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milanshivhare007 wrote:
What is 'it' and 'its' referring back to- Structure or compound eye? If its eye then clearly a pronoun (it) is not referring back to the subject of the previous clause (Structure).

Good questions!

You could make an argument for either "structure of the eye" or "eye" as the referent for "it." Either captures the idea that a larger eye is comprised of lots of smaller eyes. No need to waste any time or brain cells puzzling over which is better. It's not a clear error, so we should move on to other issues.

Also, there's no rule that a pronoun has to refer to the subject of a clause. You might be thinking of the case when the pronoun is itself the subject of an independent clause. In that instance, sure, the subject of the previous clause is the most logical place to look for the referent. But that's not an ironclad rule. And more importantly, in answer choice (E), both pronouns are parts of modifiers rather than subjects of independent clauses, so we're dealing with a different type of construction.

Quote:
Also is ' having hundreds.....ommatidia' modifier correct and what is it modifying? And what is 'with..ommatidia' modifying?

I don't love "having" here, as it kind of makes it sound as though the larger eye possesses the smaller eyes, the way, say, a person might have an old Buick. But I wouldn't say it's wrong and wouldn't be comfortable eliminating (A) and (B) for this reason. Both options have a more concrete error:

In (A), we have subject-verb disagreement: "the intricate structure... help."

And in (B), the phrase, "helps explain why scientists have assumed that they evolved independently of the vertebrate eye," gives the impression that the scientists have evolved independently of the vertebrate eye. While it is undoubtedly true that the evolutionary path for scientists is not identical to the one for the vertebrate eye, it makes far more sense to compare the evolution of the insect eye to the evolution of the vertebrate eye, and that's the comparison we get in (E).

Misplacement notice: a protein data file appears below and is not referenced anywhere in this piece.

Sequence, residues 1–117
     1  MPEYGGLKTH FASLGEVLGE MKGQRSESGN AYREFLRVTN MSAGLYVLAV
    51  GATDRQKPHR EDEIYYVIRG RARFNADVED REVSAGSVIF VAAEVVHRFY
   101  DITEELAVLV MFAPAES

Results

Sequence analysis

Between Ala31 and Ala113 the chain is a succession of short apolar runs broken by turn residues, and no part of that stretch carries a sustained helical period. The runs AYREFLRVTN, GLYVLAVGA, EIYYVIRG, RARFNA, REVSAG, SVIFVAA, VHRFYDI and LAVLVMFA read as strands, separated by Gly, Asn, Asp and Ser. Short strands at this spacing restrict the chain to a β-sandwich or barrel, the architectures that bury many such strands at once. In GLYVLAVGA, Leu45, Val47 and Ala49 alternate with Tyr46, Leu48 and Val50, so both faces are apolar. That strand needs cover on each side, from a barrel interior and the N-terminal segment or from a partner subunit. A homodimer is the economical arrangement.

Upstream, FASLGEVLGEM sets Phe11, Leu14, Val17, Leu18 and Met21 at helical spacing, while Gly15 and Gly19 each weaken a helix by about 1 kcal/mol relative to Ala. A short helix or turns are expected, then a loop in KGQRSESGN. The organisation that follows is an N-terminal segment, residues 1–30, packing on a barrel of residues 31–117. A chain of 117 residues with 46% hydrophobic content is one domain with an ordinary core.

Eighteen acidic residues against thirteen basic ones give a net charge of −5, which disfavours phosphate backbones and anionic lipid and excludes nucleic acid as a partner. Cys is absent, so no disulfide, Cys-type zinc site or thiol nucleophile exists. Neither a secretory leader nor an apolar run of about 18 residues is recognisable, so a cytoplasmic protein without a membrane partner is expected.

I hope that helps!
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Re: The intricate structure of the compound insect eye, having hundreds of  [#permalink]

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New post 27 Jun 2020, 17:30
The intricate structure of the compound insect eye, having hundreds of miniature eyes called ommatidia, help explain why scientists have assumed that it evolved independently of the vertebrate eye.

Lets analyze each & every part of the sentence.

* Subject Verb Agreement

[ "intricate structure - help" ; "scientists - have assumed" ; "it - evolved"]
- All subjects have verb pair but in "intricate structure - help" singular subject "Intricate" has plural verb " help". Incorrect.

* Tense Form

[ Present & Past Tense]
- Used tense conveys logical intended meaning. Correct.

* If-then Condition

- not used

* Subjunctive Verb

- not used

* Pronoun

[ "it"]
- pronoun "it" has logical antecedent "compound insect eye". Correct.

* Modifier

[ "having hundreds of miniature eyes called ommatidia" modifies "The intricate structure of the compound insect eye"]
- As per the sentence structure,"having hundreds of miniature eyes called ommatidia" modifies the whole clause "The intricate structure of the compound insect eye" which makes illogical.
"having hundreds of miniature eyes called ommatidia" should modify only "compound insect eye". Incorrect.

* Parallelism

- not used

* Comparison

- not used

* Idioms

- seems okay.

While analyzing the whole sentence, only Subject Verb agreement & Modifier error are identified.

(A) having hundreds of miniature eyes called ommatidia, help explain why scientists have assumed that it

1. Subject Verb Agreement error; "help" is plural verb for the singular subject " intricate structure"
2. Modifier error ; "having hundreds of miniature eyes called ommatidia" modifying the whole clause.

- Incorrect.


(B) having hundreds of miniature eyes that are called ommatidia, helps explain why scientists have assumed that they

1. Modifier error
2. Pronoun error; "they" is plural and antecedent is singular.

- Incorrect


(C) with its hundreds of miniature eyes that are called ommatidia, helps explain scientists' assuming that they

- Pronoun error; "they" is plural and antecedent is singular.

- Incorrect

(D) with its hundreds of miniature eyes called ommatidia, help explain scientists' assuming that it

- Subject verb pair agreement error.

- Incorrect.

(E) with its hundreds of miniature eyes called ommatidia, helps explain why scientists have assumed that it

- it removes the modifying & pronoun error.

- Correct


IMO(E)
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Re: The intricate structure of the compound insect eye, having hundreds of   [#permalink] 27 Jun 2020, 17:30